Hiring quality talent in a shortperiod of time is the greatesthiring challenge
Six key trends will shape the hiring strategy for organizations in the coming months.
The strong focus on social hiring seen across 2012 is likely to continue in 2013, compelling organizations to factor in some key trends in the recruiting space to stay competitive. In a joint roundtable by People Matters and LinkedIn, Irfan Abdulla, Director of Talent Solutions at LinkedIn, reveals that in the face of an acute demand-supply mismatch, some key trends will drive the hiring outlook for organizations in the coming months. LinkedIn recently conducted a survey among 255recruiting professionals in India to understand the recruiting outlook for 2013. The survey revealed the following key hiring trends that will drive the focus for recruiting organizations:
1. Organizations will continue to see a strong hiring outlook-The last few months saw organizations opening up more positions to fill through social channels. These positions across roles and levels have seen, and will continue to see, an increase in volume. The poll revealed that over 50 percent of hiring organizations will continue to see an increase in hiring budget and volume.
2. The competition for talent will increase - Competition and compensation came across as the biggest hindrances for organizations in attracting talent. This reflects a highly competitive landscape led by social media as one of the most important channels for hiring in the coming times. According to the survey, recruiting leaders are most concerned about their competitors will invest more in areas of employer branding, employer referral programs, and new recruiting technology and tools.
3. Recruiting organizations will focus on passive talent and pipelining - 65 percent of the surveyed organizations are focusing their recruiting efforts toward passive talent and over 87 percent are actively engaged in pipelining talent. Organizations realize that opening up the passive talent pool allows targeted access to more aligned candidates for positions. While training schedules and on-boarding time continue to shrink, there is a greater need for organizations to target talent with the right set of skills and experiences to take on the more complex jobs that modern day organizations require. Another key development that is fueling the focus on passive candidates and talent pipelining is the transition from an industrialized ecosystem to a knowledge ecosystem. As the skills required in knowledge economy are difficult to build and take more time, more and more organizations are looking for more targeted candidate sourcing and talent pipelining.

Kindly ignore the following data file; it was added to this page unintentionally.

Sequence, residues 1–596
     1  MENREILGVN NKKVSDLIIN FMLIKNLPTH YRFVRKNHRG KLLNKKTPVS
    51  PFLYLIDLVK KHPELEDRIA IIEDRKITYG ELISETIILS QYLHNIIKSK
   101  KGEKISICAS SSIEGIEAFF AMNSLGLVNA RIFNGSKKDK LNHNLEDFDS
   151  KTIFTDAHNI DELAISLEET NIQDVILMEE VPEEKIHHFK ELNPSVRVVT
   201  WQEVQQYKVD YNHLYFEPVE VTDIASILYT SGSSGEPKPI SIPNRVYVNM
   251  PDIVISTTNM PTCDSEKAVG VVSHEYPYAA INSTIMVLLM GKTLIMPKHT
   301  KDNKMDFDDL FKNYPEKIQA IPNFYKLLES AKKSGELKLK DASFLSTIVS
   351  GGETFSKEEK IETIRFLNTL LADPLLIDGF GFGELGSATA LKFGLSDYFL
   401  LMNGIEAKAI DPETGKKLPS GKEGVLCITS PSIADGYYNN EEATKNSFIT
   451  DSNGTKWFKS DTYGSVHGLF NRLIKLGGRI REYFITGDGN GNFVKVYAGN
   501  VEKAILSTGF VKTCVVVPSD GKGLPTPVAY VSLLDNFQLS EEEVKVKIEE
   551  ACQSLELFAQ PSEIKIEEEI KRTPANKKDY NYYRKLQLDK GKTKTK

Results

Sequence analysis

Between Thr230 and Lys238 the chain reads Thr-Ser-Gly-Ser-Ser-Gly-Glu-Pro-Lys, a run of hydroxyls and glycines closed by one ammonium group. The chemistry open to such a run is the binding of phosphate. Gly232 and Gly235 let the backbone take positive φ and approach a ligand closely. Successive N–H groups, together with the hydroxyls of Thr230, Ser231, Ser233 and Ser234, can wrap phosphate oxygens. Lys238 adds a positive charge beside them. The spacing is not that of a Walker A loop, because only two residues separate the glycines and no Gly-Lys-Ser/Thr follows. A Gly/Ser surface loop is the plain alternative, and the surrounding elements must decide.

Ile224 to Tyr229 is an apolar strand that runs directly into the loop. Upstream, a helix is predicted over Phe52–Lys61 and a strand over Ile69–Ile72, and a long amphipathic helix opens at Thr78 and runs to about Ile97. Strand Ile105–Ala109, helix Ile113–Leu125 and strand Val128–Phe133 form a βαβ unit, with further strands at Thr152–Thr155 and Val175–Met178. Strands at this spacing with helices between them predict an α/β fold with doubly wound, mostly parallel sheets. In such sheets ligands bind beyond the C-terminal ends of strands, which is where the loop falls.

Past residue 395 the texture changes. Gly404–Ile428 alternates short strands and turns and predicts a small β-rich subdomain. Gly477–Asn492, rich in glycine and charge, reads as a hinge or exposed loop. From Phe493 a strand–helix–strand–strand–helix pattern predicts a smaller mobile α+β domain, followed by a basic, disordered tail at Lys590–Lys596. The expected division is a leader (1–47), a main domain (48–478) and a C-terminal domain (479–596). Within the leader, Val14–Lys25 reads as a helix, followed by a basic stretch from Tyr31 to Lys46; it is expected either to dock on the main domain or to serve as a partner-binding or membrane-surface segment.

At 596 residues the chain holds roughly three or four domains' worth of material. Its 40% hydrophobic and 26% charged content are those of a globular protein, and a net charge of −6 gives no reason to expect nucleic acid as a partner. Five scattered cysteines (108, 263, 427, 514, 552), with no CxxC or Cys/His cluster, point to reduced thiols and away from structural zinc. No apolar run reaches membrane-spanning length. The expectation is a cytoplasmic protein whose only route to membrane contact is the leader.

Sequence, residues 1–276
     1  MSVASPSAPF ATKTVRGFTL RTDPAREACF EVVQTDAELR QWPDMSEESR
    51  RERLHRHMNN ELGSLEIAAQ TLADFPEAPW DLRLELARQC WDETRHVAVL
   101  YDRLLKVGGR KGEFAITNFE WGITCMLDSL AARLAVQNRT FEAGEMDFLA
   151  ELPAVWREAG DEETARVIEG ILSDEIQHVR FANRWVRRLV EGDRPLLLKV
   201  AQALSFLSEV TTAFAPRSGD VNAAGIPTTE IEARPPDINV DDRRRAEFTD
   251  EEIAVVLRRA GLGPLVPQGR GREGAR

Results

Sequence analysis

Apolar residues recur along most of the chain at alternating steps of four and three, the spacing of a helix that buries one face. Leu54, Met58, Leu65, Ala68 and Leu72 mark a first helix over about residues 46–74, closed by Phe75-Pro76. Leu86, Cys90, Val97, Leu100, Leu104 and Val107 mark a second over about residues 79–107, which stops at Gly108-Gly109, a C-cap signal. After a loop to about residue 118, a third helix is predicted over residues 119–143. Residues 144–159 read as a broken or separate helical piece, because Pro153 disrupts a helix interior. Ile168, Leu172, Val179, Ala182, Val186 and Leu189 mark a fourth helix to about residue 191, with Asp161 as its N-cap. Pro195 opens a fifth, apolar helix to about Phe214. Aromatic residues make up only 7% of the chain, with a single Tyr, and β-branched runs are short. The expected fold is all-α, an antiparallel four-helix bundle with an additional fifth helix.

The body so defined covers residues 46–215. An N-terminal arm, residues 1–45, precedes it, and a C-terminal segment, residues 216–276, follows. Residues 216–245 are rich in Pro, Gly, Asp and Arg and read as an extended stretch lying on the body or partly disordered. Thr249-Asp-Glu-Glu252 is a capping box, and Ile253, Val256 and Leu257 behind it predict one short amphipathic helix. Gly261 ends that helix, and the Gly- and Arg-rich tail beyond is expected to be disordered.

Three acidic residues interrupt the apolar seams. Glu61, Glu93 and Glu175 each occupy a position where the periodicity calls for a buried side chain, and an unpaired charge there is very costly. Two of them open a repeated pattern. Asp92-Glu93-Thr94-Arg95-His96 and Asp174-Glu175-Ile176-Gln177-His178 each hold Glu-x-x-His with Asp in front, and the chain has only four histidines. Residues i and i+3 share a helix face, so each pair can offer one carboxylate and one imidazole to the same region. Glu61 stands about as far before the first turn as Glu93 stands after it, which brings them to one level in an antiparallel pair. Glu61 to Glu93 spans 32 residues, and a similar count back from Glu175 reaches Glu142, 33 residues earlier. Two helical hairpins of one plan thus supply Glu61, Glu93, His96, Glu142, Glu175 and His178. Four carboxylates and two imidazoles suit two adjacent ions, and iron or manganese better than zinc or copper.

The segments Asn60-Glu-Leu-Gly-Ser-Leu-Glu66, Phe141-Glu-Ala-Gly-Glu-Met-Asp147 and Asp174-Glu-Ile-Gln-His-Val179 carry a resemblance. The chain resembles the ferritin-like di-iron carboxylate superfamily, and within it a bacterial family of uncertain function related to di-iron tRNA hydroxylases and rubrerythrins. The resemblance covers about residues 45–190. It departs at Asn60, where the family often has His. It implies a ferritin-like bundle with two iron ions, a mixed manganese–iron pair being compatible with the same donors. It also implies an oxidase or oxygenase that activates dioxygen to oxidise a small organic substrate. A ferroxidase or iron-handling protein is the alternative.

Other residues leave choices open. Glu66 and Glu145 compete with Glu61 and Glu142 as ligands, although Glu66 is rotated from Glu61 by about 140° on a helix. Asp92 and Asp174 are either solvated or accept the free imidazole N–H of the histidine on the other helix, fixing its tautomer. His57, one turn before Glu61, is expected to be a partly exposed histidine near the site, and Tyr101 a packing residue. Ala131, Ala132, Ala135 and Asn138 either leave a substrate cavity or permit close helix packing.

4. Quality of hire will be the name of the game - As Irfan mentions, “The focus on passive talent is because hiring for quality has become very critical.” Organizations across all industries witness that there are various aspects of quality that act as constraints and make hiring more challenging. One of the most common challenges is ‘time to hire’. Most organizations grapple with the dilemma of hiring the best talent within a limited span of time. 41% of organizations in India consider ‘quality of hire’ as the single most important recruiting metric. Some of the key complicating factors of the ‘quality of hire’ challenge involve how to provide competitive compensation where industry boundaries have ceased to exist, when and how to assess quality, and what metrics to measure.
5. There will be heightened focus on employer branding - Employer branding will constitute one of the core priorities for organizations in the coming months. Organizations, however, face a number of key challenges in employer branding. Many are confused whether employer branding is an HR responsibility or a marketing responsibility. There is a lack of standard mechanisms to track and monitor an employer brand, thereby making it difficult to demonstrate RoI to senior management. In addition, many organizations struggle to formulate the right employer branding metric. Social media has become an important channel for organizations to promote the employer brand. Organizations, however, are unsure about how to measure the reach and engagement with an employer brand through social media. LinkedIn has an interesting metric to track the effectiveness of the employer brand–called the Talent Brand Index that captures ‘the number of follows on the company’s page’.
6. Hiring is mostly a data-driven decision - Confirming that employers in India are serious about their employer branding, the survey reveals that Indian corporations are ahead of the curve when it comes to regularly measuring the employer brand. Against a global average of 33 percent, 50 percent of Indian organizations regularly measure the health of the employer brand in a quantifiable way. Again, 45 percent of Indian organizations regularly survey candidates to understand employer brand position against a global average of 32 percent. Organizations that are poor at leveraging data for making hiring decisions will fall behind in the race for acquiring the best talent.
With the talent landscape becoming increasingly competitive, the need for HR organizations is to understand the best mechanisms by which they can reach a larger talent pool more effectively. Data analytics and employer branding will be the primary avenue where organizations are likely to invest their social hiring time and efforts in the coming months.